#2 Orioles


Name PA AVG OBP SLG wOBA Bat BsR Fld WAR
Manny Machado 595 .279 .320 .443 .335 8.5 -0.6 16.0 5.0
Ryan Flaherty   70 .228 .286 .376 .293 -1.3 0.0 -0.1 0.1
Jimmy Paredes 35 .240 .271 .361 .278 -1.0 0.0 -0.1 0.0
Total 700 .272 .314 .432 .328 6.2 -0.5 15.8 5.1

Despite injuries that have slowed him, Manny Machado has nearly 10 wins before the age of 23. When healthy, he might be the best third baseman in all of baseball. Much of his value has derived from his defense so if injuries begin to take their toll, his value could suffer. He has never hit more than 15 home runs or gotten on base more than one-third of the time, but an above average season at the plate together with his superlative defense make him one of the best players in the game. Ryan Flaherty has a decent glove, but his .287 career wOBA in 750 plate appearance means it is very important that Manny Machado plays the whole year at third.

#3 Rangers


Name PA AVG OBP SLG wOBA Bat BsR Fld WAR
Adrian Beltre 630 .298 .352 .478 .359 18.2 -1.4 6.1 5.0
Adam Rosales 49 .235 .290 .351 .287 -1.3 0.0 0.0 0.0
Ryan Rua 21 .240 .292 .378 .298 -0.4 0.0 0.0 0.0
Total 700 .292 .345 .466 .352 16.5 -1.4 6.0 5.1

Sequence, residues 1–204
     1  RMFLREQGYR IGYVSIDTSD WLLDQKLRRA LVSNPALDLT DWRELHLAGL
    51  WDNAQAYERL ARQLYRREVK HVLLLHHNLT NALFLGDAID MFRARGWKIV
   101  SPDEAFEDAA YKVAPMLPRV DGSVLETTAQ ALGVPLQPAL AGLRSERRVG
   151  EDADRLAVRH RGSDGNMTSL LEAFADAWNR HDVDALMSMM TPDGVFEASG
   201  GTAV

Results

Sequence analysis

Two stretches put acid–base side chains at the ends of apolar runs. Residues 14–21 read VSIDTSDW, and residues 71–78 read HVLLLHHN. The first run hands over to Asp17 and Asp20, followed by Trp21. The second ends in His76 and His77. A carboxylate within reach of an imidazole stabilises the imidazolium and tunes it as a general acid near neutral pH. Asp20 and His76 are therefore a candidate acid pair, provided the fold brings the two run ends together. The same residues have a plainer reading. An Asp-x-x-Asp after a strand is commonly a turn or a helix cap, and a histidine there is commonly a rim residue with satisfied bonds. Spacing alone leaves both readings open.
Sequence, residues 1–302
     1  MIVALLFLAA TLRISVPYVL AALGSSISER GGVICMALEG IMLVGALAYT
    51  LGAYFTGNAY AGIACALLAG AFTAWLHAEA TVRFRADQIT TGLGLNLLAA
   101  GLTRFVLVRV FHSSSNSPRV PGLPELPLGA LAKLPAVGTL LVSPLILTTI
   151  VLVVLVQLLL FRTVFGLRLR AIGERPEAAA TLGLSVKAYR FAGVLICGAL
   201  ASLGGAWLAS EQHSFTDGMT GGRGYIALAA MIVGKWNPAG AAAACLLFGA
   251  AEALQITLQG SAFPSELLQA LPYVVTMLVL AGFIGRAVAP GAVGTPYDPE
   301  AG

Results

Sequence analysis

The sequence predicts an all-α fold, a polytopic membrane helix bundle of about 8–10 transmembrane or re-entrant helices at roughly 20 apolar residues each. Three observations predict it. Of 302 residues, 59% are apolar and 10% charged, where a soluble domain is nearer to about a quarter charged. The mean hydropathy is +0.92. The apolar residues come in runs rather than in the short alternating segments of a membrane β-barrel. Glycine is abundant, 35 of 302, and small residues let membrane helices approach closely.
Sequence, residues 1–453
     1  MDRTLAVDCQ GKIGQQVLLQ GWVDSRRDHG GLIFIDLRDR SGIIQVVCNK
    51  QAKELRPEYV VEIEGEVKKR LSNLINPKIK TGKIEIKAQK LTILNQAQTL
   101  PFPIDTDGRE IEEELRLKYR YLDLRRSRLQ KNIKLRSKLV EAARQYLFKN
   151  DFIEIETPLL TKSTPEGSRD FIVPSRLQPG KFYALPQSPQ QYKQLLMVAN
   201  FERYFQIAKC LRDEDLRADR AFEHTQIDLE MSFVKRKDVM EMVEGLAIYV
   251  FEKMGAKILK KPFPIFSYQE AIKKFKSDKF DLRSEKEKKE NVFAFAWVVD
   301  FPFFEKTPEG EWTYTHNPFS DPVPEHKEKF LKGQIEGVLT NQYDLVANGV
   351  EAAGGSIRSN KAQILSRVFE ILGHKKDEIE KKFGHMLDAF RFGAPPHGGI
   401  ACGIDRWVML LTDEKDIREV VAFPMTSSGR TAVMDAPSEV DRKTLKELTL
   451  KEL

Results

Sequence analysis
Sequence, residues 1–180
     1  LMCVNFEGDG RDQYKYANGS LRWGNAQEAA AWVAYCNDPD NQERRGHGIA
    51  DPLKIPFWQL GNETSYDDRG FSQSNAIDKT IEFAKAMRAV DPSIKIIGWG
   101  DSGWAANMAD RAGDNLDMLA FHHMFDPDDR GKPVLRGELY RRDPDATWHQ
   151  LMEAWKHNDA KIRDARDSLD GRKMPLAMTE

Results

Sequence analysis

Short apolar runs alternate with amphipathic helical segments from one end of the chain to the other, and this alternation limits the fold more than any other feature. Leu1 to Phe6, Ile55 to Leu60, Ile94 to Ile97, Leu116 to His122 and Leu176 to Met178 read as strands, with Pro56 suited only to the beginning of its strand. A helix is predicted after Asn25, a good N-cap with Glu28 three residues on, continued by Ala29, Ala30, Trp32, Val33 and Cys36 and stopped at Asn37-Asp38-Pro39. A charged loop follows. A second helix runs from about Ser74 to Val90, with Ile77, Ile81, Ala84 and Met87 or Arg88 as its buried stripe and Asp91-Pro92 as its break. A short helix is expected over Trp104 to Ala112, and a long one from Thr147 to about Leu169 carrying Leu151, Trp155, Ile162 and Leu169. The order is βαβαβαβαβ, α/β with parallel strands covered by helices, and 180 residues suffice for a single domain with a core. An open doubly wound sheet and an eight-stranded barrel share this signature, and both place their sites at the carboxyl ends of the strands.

The first thing that should be brought up when it comes to Adrian Beltre is his skill, but his age sticks out the most. Nearly 36 years old, Beltre will be shooting for his sixth straight season of at least five wins after averaging about three wins per season in his five years in Seattle. Miguel Cabrera and Robinson Cano are the only other players who have at least five wins in each of the last five seasons. The projection systems show confidence that Beltre can keep the streak alive in 2015.

With Yu Darvish going down with an injury, Beltre could be the lone bright spot on a struggling team or a key trade chip for a team who needs help in July. Between Triple-A and Texas last season, Rosales did hit 11 home runs, but with a .116 career ISO, that burst appears to have been isolated to 2014. If Beltre gets injured or the Rangers and Beltre agree to a trade, prospect Joey Gallo is likely to receive a look. As long as Beltre is in the fold, Gallo will have to look for another position for playing time this year.

#4 Nationals


Name PA AVG OBP SLG wOBA Bat BsR Fld WAR
Anthony Rendon   630 .278 .347 .459 .354 18.1 1.5 3.8 4.9
Kevin Frandsen 35 .266 .305 .344 .290 -0.7 -0.1 -0.2 0.0
Total 665 .277 .345 .453 .351 17.4 1.4 3.6 4.9

After enduring some growing pains and making a tough transition to second base in 2013, Rendon broke out in 2014 playing most of the year at third base after Ryan Zimmerman went down with an injury. He hit .287/.351/.473 in 2014 along with good defense, leading to a 6.5 WAR. Adam Laroche’s departure paved the way for Ryan Zimmerman to move to a position requiring considerably less throwing.